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Prevention as a strategic advantage for mutuals

The definition of a knowledge hub is a collection of documentation, purposed to make it easy to find solutions to problems. The ICMIF Prevention Hub is a new resource for members to access examples of mutual and cooperative global best practice in the areas of disaster risk reduction (DRR) and prevention and stimulate conversation across our network. Building on the From protection to prevention: The role of cooperative and mutual insurance in disaster risk reduction report launched earlier this year, ICMIF has compiled a Hub of prevention and DRR case studies, dedicated to sharing and benchmarking disaster risk reduction activities throughout the membership. Featuring two case studies from Achmea (Netherlands) and Co-operators (Canada), learn more about the ICMIF benchmark in the making…


  • Irina Zodrow, Head, Partnerships and Stakeholder Engagement, United Nations Office for Disaster Risk Reduction (UNDRR) moderator
  • Liam Carter, Sustainability, Advisor to the CEO, ICMIF
  • Chad Park, Vice President, Sustainability & Citizenship, Co-operators (Canada)
  • Marc Scheers, Manager Research & Innovation, Achmea (Netherlands)

Irina Zodrow:

Welcome everybody. Welcome to this webinar, “Prevention as a strategic advantage for mutuals”, the launch of the ICMIF DRR Hub. I would sincerely like to welcome all of you. It’s very exciting to be here and speak to you about this from our side very important topic. So my name is Irina Zodrow. I’m the Head of Partnerships and Stakeholder Engagement at UNDRR, and this webinar links to a long-standing partnership with the ICMIF community. Let me also just quickly introduce the other panelists here.

So today we’ll hear from Marc Scheers, Manager Research and Innovation at Achmea in the Netherlands. We’ll also hear from Chad Park VP for Sustainability and Citizenship at the Co-operators in Canada. And we’ll hear from our dear friendly Liam Carter, Sustainability, Advisor to the CEO of ICMIF.

Now, let me give you just a couple of words on the background of this webinar. UNDRR and ICMIF, as said have a quite long standing partnership, which was formalized in Auckland at your Biennial Conference in 2019, with a multi-year collaboration which looks at the shift from a protection focus to a prevention focus for the industry.

Now this new collaboration builds on the business model that the mutual and co-operative insurance is leading and which we feel is uniquely positioned for you to really lead this change. And I dare say that the topic of prevention and resilience has become a key topic for many of us, not only because of the COVID-19 emergency, but also right now with the ongoing and accelerating climate emergency. And obviously we are just coming out of COP26 and adaptation resilience risk reduction has been a key element discussed at the meeting.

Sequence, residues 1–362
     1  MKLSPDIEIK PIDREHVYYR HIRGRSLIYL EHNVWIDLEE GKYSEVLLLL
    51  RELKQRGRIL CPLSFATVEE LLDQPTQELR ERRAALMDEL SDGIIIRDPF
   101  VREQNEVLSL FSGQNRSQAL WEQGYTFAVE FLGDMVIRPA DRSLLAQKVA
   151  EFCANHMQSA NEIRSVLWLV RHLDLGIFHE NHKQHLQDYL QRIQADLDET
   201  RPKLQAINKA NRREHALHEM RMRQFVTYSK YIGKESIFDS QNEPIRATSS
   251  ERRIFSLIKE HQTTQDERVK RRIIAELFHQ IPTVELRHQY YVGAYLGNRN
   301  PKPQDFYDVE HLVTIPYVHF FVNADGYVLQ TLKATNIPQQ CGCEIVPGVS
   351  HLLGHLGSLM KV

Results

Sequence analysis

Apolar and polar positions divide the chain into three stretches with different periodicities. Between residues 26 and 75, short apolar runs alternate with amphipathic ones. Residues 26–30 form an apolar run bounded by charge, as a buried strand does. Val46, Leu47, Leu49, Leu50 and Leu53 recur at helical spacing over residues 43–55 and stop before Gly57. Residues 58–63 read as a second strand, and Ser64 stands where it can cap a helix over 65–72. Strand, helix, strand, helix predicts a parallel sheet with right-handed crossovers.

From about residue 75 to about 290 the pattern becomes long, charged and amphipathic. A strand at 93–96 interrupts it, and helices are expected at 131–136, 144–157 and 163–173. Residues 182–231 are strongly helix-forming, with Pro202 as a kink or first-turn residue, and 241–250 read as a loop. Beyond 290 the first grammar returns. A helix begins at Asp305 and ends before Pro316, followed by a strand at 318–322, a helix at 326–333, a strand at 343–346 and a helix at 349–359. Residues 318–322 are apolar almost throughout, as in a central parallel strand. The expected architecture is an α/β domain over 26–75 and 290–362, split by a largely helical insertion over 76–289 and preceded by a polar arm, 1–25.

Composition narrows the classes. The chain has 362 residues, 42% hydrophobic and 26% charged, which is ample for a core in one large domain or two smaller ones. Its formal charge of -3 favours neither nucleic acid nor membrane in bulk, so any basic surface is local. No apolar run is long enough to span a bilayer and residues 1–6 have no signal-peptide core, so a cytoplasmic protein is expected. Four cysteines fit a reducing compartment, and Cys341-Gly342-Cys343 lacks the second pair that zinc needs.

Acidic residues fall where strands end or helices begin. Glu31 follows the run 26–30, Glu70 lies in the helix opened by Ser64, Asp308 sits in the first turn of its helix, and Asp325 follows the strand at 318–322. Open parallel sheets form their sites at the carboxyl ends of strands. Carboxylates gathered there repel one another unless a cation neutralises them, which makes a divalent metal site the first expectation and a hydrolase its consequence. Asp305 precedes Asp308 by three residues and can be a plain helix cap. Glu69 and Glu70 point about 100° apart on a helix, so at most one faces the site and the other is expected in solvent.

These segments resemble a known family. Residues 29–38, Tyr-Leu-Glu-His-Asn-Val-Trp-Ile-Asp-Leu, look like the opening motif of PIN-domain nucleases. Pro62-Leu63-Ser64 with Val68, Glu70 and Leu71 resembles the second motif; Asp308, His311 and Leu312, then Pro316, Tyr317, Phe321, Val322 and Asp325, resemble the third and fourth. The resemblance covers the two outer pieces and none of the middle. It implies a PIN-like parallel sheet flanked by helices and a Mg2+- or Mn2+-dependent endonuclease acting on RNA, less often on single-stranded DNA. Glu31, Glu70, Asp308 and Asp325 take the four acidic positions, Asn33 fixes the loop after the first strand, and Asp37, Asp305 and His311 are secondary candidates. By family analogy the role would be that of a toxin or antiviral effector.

The partnership between us as UNDRR, and we are the UN office for disaster risk reduction, and with this responsible for working with member states, but also the broader communities, so the private sector, NGOs, parliamentarians, the UN, the international finance institutions, to drive disaster risk reduction, to many different hazards, manmade and national hazards. Within this climate is a big important element, but we are also looking at, I said, manmade disasters such as technological disasters or biological disasters.

So the first step in our partnership with you all was to look at case studies, where we could see from what’s already ongoing within the ICMIF community in terms of reducing risks. And here you see in the slides, a little overview of case studies that we published in 2020. As you will see at the bottom, it says more in the ICMIF DRR Hub, and I’m sure Liam will talk to this a bit more. I’m not quite sure at which number we are by now, but I think we are nearing like 70 case studies, which I feel is really a proof of the leadership that you are all taking in this area.

Now, next to the case studies, we also took a next step already and developed what we call Mechanisms for Supporting Disaster, Risk Reduction and Resilience, so looking at what the industry can do in concrete terms right now to shift from protection to prevention. And here we have identified seven mechanisms. Some are direct mechanisms, which look at what insurance products can do to reduce disaster risks. The other ones are indirect mechanisms, and here we look at what insurance providers can do to reduce disaster risks. And so I’m just going to take a minute to go through these different mechanisms and the case studies speak to some or many of them.

The first one is that you can apply variable pricing of insurance to provide incentives for risk reductions. This really comes hand in hand to include prerequisites and exemptions to provide incentives for risk reduction. So this is really what you can do to through the product side. Number three, looks more at your role as asset managers and investors, where you could play a big role in ensuring investment reduces and prevents risks and build resilience. And I know that our colleague chart will speak more to this later. In terms of the indirect mechanisms, one point that I believe you’re all doing quite a lot already is to raise the awareness of the systemic nature of risks and provide transparent information and advice for reducing hazard exposure and vulnerability. Obviously, I think you are one of the industry who understands risk the best, and you see a lot that is happening.